Aluminum tubing compression properties and grade.

Discussion in 'Materials' started by raf pali, Jun 19, 2018.

  1. raf pali
    Joined: Mar 2012
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    Location: Australia

    raf pali Junior Member

    Hello all,
    I need to compare the compression capability of Al tubing.
    Specs require 2M long x 130mm Dia x 6mm wall (6.5f x 5" x 1/4").
    BUT, where I am, (Central Queensland Au) can only find 150mm Dia x 3mm Wall (6" Dia x 1/8 Wall).
    My question is, would they be similar in end to end compression capability?
    The tubing is to be used as a compression post under the mast.
    Also, what grade Al masts extrusions are made of please?
    Thank you.
     
  2. Ad Hoc
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    Ad Hoc Naval Architect

    You really need to provide a tad more info.
    Is it fixed at both ends or is it free to rotate at each end....and then is it welded at both ends?...or is it pin jointed to rotate?

    But basically no.
    The radius of gyration and hence the slenderness ratio of the second tube is roughly 15% less than the first tube. Which means the allowable stress to buckling will be less by approximately 10%.
    Also the slenderness ratio is very different between fixed end and pin ended...hence the question.

    The grade would normally be 6082 - T6
     
    raf pali likes this.
  3. raf pali
    Joined: Mar 2012
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    raf pali Junior Member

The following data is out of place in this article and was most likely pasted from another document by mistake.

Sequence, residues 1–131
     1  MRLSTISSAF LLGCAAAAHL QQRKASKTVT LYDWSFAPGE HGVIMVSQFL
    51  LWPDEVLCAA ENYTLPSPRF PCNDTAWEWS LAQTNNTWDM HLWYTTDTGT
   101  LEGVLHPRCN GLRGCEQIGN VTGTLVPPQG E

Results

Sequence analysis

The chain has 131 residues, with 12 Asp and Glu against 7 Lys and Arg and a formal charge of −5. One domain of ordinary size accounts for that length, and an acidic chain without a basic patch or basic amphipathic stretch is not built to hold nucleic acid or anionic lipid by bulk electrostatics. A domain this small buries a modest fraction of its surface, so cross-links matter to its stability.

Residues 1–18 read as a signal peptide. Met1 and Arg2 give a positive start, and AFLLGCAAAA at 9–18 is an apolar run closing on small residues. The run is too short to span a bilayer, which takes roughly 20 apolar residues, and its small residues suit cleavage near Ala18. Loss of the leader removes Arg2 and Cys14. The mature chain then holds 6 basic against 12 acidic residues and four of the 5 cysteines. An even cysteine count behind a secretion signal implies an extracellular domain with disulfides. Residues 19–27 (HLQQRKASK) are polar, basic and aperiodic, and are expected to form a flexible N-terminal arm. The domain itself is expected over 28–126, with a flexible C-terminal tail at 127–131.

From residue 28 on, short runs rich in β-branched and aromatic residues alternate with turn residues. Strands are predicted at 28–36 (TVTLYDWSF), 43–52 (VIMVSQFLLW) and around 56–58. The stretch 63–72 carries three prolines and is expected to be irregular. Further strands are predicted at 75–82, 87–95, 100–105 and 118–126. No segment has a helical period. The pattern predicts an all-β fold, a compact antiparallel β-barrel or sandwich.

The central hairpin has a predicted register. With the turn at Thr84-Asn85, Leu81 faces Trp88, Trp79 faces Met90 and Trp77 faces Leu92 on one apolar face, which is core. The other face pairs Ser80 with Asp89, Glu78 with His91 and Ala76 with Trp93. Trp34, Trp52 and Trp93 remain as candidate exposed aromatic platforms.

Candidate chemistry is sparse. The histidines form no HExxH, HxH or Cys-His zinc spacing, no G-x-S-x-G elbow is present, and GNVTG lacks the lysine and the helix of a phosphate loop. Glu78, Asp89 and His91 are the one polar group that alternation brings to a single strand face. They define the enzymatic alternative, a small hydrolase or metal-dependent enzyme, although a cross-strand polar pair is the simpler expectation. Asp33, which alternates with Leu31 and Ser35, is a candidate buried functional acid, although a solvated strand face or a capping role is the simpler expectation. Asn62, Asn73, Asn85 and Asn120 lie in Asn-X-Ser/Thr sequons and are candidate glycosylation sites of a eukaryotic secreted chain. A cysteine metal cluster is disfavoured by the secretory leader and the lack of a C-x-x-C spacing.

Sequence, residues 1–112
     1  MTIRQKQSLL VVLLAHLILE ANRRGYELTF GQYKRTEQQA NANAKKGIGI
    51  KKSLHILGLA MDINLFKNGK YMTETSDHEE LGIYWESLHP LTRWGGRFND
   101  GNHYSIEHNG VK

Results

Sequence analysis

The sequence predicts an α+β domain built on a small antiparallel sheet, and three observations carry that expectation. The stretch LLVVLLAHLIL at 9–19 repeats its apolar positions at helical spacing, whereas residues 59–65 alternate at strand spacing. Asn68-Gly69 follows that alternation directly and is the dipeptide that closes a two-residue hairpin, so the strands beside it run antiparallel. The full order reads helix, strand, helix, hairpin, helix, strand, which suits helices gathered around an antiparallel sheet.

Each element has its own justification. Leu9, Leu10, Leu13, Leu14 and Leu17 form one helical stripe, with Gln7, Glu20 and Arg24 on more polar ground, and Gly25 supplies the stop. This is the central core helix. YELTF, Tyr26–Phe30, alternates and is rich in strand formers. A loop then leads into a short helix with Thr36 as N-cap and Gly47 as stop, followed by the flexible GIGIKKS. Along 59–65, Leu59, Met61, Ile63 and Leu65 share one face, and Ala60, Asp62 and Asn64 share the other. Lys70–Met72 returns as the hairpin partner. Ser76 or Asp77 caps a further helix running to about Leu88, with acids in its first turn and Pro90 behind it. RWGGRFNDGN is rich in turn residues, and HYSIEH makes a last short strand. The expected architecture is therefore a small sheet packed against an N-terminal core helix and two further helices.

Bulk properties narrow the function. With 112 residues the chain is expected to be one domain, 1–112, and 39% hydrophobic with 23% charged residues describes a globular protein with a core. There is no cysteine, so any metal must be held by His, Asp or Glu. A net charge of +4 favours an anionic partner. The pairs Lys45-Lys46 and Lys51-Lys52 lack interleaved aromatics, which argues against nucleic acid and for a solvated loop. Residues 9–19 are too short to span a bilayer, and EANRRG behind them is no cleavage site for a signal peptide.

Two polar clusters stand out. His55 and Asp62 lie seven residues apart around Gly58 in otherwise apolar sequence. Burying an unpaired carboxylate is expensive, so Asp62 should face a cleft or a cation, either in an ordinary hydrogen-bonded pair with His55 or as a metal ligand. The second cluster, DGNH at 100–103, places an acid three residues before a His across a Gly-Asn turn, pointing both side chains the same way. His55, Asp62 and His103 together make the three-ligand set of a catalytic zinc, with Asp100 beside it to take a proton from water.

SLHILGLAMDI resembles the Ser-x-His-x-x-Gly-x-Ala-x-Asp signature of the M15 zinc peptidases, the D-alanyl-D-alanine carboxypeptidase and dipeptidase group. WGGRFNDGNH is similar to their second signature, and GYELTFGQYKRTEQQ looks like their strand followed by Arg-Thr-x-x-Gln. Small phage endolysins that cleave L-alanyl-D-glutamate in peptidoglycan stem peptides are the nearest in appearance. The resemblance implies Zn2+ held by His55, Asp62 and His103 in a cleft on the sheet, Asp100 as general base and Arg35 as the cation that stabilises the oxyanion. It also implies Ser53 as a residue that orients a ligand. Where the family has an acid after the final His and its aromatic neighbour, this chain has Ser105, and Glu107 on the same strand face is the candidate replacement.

Hello Ad Hoc, thank you so much for your input.
    To explain the function of this Al tubing and the way it attaches to the mast, is rather complex and needs a new thread coz, is a all new sailing catamaran structure and rigging system I designed.
    I was to open the thread for discussion as soon as the engineering shop delivers the bits and pieces and the all is put together. This wont be to long, providing I can find the tubing.
    To give an idea without going into details now, is about revolutionizing a "tube catamaran" structure (a cat held together with Al tube beams) and achieving: 1, independent pitching; 2, rid of compression post under must grazing the water surface; 3, make the beams nonstructural. Al this by adding a "truss" across the central cross section to hold the hulls together. the Al tubing are for the making of the "truss"
     
  4. baeckmo
    Joined: Jun 2009
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    baeckmo Hydrodynamics

    There is contradiction in your statement of scope; first you say "a cat held together with Al tube beams", then you state "make the beams nonstructural". If you are aiming at a 3D framework design with components in "pure" compression and tension, then the end conditions for the compressed details are the limiting factors. As the buckling strength is a balance between load, length, radius of gyration, end conditions and the modulus of elasticity of the material, your preliminary question has too many degrees of freedom to be answered right now. If you are looking for the lightest compressed components, steel may be a better choice due to its much higher E modulus, btw.

    Please do not take offence, but your question reveals that you are probably not quite familiar with the basic principles for strength calculations regarding framework structures. If you really want expertise input from forum members here, you have to share relevant info.
     

  5. raf pali
    Joined: Mar 2012
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    raf pali Junior Member

    No offense taken, I have limits of knowledge in this regard. That's why I'm asking.
    The beams role will change when the new frame is in place. The flexion strength will no longer be required. Beams will only keep the hull parallel and hold the weight of the deck.
     
    Last edited: Jun 21, 2018
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